+1. To make it clear, this refers to the DOF you will see in the OUTPUT, i.e. if you print to the same size paper from different negative sizes. On the film, the DOF is purely dependent on the f-stop and nothing else. One thing to also remember, though, is that lenses are not symmetrical in DOF either side of the focus plane, unless they are ideal lenses (with a P-value of 1). Some lenses are designed to give more DOF behind the focus plane than in front, and vice versa. So you have to use similar lenses for the different formats if you truly want matched DOF. My own take is that I prefer lenses with good bokeh, and do not obsess over DOF, unless it is for instance landscape photography. I just shoot my lenses where I know they perform well, and where I get the shutter speed that works for the situation.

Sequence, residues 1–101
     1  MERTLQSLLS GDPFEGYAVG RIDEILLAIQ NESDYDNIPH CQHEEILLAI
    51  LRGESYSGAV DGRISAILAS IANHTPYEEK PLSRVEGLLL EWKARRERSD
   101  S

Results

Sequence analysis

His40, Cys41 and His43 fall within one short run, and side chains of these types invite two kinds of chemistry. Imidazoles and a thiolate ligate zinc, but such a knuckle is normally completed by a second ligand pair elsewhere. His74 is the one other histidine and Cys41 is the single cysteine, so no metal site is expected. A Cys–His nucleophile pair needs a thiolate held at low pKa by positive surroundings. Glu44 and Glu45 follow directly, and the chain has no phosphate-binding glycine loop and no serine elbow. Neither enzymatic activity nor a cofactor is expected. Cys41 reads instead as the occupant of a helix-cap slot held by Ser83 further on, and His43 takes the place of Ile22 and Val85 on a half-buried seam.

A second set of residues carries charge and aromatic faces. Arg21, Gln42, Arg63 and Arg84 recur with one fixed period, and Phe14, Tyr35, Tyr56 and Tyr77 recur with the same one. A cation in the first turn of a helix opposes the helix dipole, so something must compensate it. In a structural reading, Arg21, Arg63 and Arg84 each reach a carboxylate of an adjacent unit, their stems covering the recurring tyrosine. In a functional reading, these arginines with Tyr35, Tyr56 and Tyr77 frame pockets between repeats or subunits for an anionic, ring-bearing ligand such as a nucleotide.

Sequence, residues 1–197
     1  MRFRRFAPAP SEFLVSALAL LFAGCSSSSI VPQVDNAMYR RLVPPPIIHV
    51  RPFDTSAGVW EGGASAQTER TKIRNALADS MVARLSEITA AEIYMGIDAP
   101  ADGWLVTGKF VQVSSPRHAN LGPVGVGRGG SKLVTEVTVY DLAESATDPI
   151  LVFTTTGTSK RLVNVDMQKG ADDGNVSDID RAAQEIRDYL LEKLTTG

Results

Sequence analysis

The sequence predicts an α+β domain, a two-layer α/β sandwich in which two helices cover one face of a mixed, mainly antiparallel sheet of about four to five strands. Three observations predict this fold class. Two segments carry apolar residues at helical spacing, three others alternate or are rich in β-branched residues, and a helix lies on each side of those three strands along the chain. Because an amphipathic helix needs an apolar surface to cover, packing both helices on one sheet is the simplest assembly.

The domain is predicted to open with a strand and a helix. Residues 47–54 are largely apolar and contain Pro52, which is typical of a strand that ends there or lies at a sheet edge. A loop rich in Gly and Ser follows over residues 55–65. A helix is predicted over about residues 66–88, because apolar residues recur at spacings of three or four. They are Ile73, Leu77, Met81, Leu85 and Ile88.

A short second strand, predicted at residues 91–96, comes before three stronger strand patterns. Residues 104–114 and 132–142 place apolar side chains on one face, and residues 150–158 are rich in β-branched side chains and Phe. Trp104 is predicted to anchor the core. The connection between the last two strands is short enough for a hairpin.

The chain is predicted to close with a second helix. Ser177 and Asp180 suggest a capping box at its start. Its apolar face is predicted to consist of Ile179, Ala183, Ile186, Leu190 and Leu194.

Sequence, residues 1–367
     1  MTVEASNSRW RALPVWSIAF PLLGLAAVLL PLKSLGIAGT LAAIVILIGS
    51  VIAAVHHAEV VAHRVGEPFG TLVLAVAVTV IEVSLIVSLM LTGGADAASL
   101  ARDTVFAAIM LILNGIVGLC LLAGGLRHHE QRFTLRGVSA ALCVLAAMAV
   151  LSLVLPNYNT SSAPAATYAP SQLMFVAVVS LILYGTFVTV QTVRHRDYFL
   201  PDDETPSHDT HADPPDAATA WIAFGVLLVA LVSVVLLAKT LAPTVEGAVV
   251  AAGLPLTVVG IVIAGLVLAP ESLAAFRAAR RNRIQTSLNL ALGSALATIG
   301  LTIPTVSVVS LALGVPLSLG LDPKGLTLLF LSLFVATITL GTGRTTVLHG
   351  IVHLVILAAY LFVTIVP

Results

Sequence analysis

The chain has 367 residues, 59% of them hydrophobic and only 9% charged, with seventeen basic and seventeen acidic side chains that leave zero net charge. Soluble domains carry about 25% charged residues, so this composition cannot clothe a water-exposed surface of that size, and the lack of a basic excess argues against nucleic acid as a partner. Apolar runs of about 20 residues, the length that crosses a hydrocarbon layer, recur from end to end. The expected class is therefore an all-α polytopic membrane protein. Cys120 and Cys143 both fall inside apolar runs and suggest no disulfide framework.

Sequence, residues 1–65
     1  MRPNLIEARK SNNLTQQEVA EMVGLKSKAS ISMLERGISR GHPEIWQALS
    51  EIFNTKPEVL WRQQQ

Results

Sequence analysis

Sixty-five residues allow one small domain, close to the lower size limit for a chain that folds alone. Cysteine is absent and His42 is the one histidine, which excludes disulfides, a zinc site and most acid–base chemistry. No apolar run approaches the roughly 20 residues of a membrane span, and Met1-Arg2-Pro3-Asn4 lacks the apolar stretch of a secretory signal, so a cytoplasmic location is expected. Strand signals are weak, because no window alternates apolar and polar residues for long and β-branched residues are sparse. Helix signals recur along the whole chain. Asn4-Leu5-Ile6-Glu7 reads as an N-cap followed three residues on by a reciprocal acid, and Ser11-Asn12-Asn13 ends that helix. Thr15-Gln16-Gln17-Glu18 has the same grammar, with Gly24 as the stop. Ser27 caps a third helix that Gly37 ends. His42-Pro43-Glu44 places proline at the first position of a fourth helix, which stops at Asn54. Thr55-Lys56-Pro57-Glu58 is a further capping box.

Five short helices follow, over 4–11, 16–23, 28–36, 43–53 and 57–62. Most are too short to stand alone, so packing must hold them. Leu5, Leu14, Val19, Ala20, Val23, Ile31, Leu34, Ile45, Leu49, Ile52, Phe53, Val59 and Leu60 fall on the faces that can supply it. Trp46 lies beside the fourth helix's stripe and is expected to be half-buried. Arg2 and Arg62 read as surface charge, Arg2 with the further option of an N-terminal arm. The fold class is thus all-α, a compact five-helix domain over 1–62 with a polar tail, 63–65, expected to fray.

Originally Posted by polyglot
I can't explain it better than Paul van Walree: http://toothwalker.org/optics.html. I suggest you visit his site and have a good read. The other characteristics of optics are also explained. Interesting stuff.
Last edited by dorff; 05-07-2013 at 02:16 AM. Click to view previous post history.